Myelomeningocele: This form of spina bifida usually requires surgery within 24 to 48 hours after birth (2). Doctors surgically tuck the exposed nerves and spinal cord back inside the spinal canal and cover them with muscle and skin. Prompt surgery helps prevent additional nerve damage and infection. However, nerve damage that already has occurred cannot be reversed. Soon after surgery, a physical therapist teaches parents how to exercise their baby’s legs and feet to prepare for walking with leg braces and crutches. Many children with a defect in the lower spine can walk with or without these devices, although most children with a defect high in the spine require a wheelchair.

What medical problems occur with Spina Bifida?

Common medical problems include:

Hydrocephalus: About 70 to 90 percent of children with myelomeningocele develop hydrocephalus, a build-up of fluid in and around the brain(4). Cerebrospinal fluid cushions and protects the brain and spinal cord. When the fluid is unable to circulate normally, it collects in and around the brain, causing the head to be enlarged. Without treatment, hydrocephalus can cause brain damage and mental retardation.

Doctors usually treat hydrocephalus by surgically inserting a tube called a shunt that drains the excess fluid. The shunt runs under the skin into the chest or abdomen, and the fluid passes harmlessly into the child’s body. A newer surgical procedure called endoscopic third ventriculostomy creates a new pathway for draining cerebrospinal fluid. This procedure may be recommended for some children older than 6 months, including some who experience shunt malfunctions(5).

Chiari II Malformation: Nearly all children with myelomeningocele have an abnormal change in the position of the brain. The lower part of the brain is located farther down than normal and is partly displaced into the upper part of the spinal canal. This can block the flow of cerebrospinal fluid and contribute to hydrocephalus. In most cases, affected children have no other symptoms. But a small number develop serious problems, such as breathing and swallowing difficulties and upper body weakness. In these cases, doctors may recommend surgery to relieve pressure on the brain.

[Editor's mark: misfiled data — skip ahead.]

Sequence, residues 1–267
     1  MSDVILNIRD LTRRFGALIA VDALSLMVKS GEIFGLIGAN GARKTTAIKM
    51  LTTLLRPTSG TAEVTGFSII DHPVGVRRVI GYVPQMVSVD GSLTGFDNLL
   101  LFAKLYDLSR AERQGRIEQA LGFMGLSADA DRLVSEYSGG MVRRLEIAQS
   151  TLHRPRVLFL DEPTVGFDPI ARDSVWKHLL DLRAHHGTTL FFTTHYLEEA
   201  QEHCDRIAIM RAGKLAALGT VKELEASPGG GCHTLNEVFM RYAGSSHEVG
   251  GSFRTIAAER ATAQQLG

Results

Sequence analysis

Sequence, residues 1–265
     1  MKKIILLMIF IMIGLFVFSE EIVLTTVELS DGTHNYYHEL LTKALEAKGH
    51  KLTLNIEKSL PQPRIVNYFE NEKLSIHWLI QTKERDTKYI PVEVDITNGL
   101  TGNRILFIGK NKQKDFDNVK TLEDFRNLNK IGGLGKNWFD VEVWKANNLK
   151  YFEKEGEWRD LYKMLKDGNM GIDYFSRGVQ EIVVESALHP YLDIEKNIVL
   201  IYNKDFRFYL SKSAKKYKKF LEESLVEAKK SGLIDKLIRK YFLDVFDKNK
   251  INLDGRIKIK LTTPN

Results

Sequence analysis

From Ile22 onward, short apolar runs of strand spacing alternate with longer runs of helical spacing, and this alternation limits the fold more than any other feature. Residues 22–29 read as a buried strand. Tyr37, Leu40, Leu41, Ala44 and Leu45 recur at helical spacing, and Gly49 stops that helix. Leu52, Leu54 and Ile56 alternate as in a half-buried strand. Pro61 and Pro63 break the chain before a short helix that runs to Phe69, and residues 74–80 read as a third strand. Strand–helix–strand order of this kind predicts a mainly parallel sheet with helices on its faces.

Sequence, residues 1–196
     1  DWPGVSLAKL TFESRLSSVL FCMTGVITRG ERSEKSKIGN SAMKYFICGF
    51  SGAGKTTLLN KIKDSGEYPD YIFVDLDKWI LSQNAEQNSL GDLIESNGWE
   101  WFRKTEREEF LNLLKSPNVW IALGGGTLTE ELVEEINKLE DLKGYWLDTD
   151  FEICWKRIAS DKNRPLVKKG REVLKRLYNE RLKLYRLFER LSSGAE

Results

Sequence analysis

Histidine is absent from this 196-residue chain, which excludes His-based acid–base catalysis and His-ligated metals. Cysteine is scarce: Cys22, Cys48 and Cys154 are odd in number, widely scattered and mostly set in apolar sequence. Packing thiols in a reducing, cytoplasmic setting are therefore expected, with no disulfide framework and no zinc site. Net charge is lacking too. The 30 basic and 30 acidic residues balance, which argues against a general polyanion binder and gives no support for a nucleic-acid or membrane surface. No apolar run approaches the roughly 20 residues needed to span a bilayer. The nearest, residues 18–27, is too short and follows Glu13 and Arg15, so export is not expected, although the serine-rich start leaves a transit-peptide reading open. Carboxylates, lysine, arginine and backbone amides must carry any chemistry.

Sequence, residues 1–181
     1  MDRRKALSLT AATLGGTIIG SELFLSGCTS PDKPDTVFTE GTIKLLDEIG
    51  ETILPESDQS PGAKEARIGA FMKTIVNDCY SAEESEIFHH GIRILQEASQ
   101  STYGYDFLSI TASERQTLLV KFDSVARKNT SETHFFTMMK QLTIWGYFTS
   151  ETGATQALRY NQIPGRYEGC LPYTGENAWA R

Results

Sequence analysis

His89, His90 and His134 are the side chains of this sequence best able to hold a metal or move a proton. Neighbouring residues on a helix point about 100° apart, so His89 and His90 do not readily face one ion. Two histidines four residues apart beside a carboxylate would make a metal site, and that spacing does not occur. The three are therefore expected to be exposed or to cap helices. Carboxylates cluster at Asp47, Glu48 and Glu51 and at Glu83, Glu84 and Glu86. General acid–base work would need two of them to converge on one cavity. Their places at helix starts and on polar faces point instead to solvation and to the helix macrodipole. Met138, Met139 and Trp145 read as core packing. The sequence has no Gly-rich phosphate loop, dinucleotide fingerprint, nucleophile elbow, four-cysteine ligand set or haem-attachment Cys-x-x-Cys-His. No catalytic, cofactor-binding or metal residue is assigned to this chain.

Tethered Spinal Cord: Most children with myelomeningocele, and a small number with meningocele or spina bifida occulta, have a tethered spinal cord. This means that the spinal cord does not slide up and down with movement as it should, because it is held in place by surrounding tissue. Some children have no symptoms, but others develop leg weakness, worsening leg function, scoliosis (curvature of the spine), pain in the back or legs, and changes in bladder function. Doctors usually recommend surgery to release the spinal cord from surrounding tissue. After surgery, a child should return to his usual level of functioning.

Urinary Tract Disorders: Because of nerve damage, individuals with myelomeningocele often have problems emptying the bladder completely. This can lead to urinary tract infections and kidney damage. A technique called intermittent catheterization, in which the parent or child inserts a plastic tube into the bladder several times a day, is often helpful. Children with spina bifida should have regular care by a urologist (a doctor who specializes in urinary tract problems) to help prevent urinary tract problems.

Latex Allergy: According to the Spina Bifida Association (SBA), many children with myelomeningocele are allergic to latex (natural rubber), possibly due to repeated exposures during surgeries and medical procedures (4). Symptoms include watery eyes, wheezing, hives, rash and even life-threatening breathing problems. Doctors should consider using nonlatex gloves and equipment during procedures on individuals with spina bifida. Affected individuals and their families should avoid latex items often found in the home and community, such as most baby bottle nipples, pacifiers and balloons. A list of safe and unsafe items is available from the Spina Bifida Association.

Learning Disabilities: At least 80 percent of children with myelomeningocele have normal intelligence (4). However, some have learning problems.

Other conditions: Some individuals with myelomeningocele have additional physical and psychological problems, such as obesity, digestive tract disorders, depression and sexual issues.

With treatment, children with spina bifida usually can become active individuals. Most live normal or near-normal life spans (6).

Can Spina Bifida be prevented?

A B-vitamin called folic acid can help prevent spina bifida and other NTDs. Studies show that if all women in the United States took the recommended amount of folic acid before and during early pregnancy, up to 70 percent of NTDs could be prevented(1). It is important for a woman to have enough folic acid in her system before pregnancy and during the early weeks of pregnancy, before the neural tube closes.